The thin film structures were grown using magnetron sputtering on Si(100) wafers on which an SiO_{2} layer with a thickness of ~250 Å had been formed by thermal oxidation techniques. The magnetic structures were grown on top of the SiO_{2} layer. Various underlayers and thicknesses and sequences of the magnetic layers were used, which allowed for tuning of the strength of the DMI at the top and bottom interfaces of the magnetic stack and the magnitude of the spin currents generated by SHE in heavy metal layers at the top and bottom interfaces of the magnetic stack. The magnetic stacks and the layers used to generate the spin currents via SHE are shown as insets in Fig. 1. For the structure shown in Fig. 1B, a seed layer of 100 Å AlO_{x} | 20 Å TaN was formed by first depositing a layer of AlO_{x} that was deposited by reactive magnetron sputtering using an Ar/O_{2} (97/3) mixture onto the SiO_{2} layer followed by a layer of TaN formed by reactive sputtering of Ta in an Ar/N_{2} (90/10) mixture. For the structures shown in Fig. 1 (D and E), a seed layer of 100 Å AlO_{x} | 20 Å TaN was used. In all cases, a TaN capping layer of 50 Å was grown on top of the film stack shown in Fig. 1 to protect the film from exposure to the ambient atmosphere. Using photolithographic techniques and Ar ion milling, U-shaped nanowire devices were etched from the thin film stacks. These devices were protected by the deposition of an AlO_{x} layer of the same thickness as that of the film thickness in the etched-out region. The U-shaped devices were fabricated with large areas at either end of them that are used to make electrical contacts, as shown in Fig. 1A. Electrical contacts were made using aluminum wire bonds. The current density values indicated in our experiments correspond to the straight section of the U-shaped device.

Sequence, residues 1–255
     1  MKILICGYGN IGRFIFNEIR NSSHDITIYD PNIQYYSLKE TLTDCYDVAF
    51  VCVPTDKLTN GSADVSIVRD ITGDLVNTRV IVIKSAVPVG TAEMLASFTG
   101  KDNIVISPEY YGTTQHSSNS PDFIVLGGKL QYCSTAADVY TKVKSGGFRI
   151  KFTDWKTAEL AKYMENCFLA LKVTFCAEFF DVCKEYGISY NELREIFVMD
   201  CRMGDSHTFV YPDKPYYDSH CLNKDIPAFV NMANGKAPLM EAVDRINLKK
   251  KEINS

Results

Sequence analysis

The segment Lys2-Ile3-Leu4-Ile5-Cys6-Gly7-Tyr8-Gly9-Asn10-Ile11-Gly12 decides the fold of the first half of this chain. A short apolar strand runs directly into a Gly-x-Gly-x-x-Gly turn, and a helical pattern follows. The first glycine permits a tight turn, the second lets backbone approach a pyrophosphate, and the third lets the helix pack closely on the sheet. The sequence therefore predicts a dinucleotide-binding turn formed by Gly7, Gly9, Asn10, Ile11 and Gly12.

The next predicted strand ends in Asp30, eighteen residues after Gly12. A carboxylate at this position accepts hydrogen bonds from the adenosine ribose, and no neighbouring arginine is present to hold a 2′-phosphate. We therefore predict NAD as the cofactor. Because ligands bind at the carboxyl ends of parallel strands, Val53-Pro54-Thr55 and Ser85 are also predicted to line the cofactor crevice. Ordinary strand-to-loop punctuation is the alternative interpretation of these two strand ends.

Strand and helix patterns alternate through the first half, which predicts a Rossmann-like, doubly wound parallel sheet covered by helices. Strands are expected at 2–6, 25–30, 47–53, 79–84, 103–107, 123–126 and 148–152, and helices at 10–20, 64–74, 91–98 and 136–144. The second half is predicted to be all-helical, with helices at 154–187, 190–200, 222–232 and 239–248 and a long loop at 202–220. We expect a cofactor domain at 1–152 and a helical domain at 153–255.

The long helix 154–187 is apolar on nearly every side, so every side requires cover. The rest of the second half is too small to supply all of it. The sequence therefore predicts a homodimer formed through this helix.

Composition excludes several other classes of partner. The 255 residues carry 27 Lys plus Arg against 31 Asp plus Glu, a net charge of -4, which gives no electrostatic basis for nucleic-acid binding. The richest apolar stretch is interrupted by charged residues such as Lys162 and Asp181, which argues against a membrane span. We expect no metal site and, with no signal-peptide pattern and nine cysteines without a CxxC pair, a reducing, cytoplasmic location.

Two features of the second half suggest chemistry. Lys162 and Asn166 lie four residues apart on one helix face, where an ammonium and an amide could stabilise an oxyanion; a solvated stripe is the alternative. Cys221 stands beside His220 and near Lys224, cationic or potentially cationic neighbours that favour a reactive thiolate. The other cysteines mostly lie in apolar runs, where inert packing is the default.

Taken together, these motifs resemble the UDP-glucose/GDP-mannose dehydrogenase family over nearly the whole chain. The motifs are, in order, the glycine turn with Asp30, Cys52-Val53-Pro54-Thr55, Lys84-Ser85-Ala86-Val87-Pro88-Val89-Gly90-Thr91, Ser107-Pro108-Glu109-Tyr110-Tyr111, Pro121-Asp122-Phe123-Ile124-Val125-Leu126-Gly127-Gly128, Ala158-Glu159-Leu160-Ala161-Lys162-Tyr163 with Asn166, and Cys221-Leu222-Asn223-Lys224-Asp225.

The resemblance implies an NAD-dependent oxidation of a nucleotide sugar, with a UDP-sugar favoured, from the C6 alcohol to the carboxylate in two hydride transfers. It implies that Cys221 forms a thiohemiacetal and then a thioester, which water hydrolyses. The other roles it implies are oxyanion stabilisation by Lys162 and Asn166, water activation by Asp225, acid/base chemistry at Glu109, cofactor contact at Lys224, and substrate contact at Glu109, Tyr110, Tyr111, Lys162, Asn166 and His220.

### Kerr microscopy

Kerr microscopy measurements to record DW motion were made in differential contrast mode using a Xenon light source. An image was taken of the current magnetization state of the device: This is digitally subtracted from subsequent images. Thus, subsequent changes in the magnetization state appeared as dark or bright regions, depending on whether the magnetization in those regions is increased or decreased, that is, an up-pointing region that becomes displaced by a down-pointing region appears as bright, and correspondingly, a down-pointing region that becomes displaced by an up-point region appears as a dark region.

### DW injection

(1)To obtain a single DW: First, the device was magnetized in a single-domain state by applying a perpendicular magnetic field in a given direction that is larger than the coercive field. Next, a perpendicular magnetic field was applied in the opposite direction that is sufficient to cause nucleation of a domain in one of the pads. This field was turned off when the domain from the nucleated region enters the nanowire. The domain nucleated randomly in one of the pads, because of the much larger area of the pads compared to that of the wire.

(2) To obtain a pair of DWs: First, the device was magnetized in a single-domain state by the application of an out-of-plane field, and then the field was turned off. Next, an in-plane magnetic field was applied parallel to the straight sections of the U-shaped device. Then, an electrical pulse into the device was used to reverse the magnetization of one of the straight sections of the nanowire plus a part of the curved region via spin Hall torque^{21,36}. An in-plane magnetic field varying from ~500 to 1,000 Oe was used with correspondingly smaller current pulses for the larger fields. Electrical pulses were then applied to bring the two DWs (one at one of the ends of the nanowire, and the other in the curved section) to specific positions for carrying out the experiments. The spacing between the pair of DWs was first adjusted by moving the DW in the curved portion of the nanowire toward the DW at the end of the wire, which was pinned because a much larger current density was needed to move this DW into the large pad. Then, the two DWs were moved together around the nanowire. Alternatively, the in-plane magnetic field can be applied perpendicular to the straight sections of the nanowire, and current pulses were then used to generate two DWs in the curved part of the nanowire. Last, a small permanent magnet was occasionally used in conjunction with the sequences of current pulses to generate two DWs.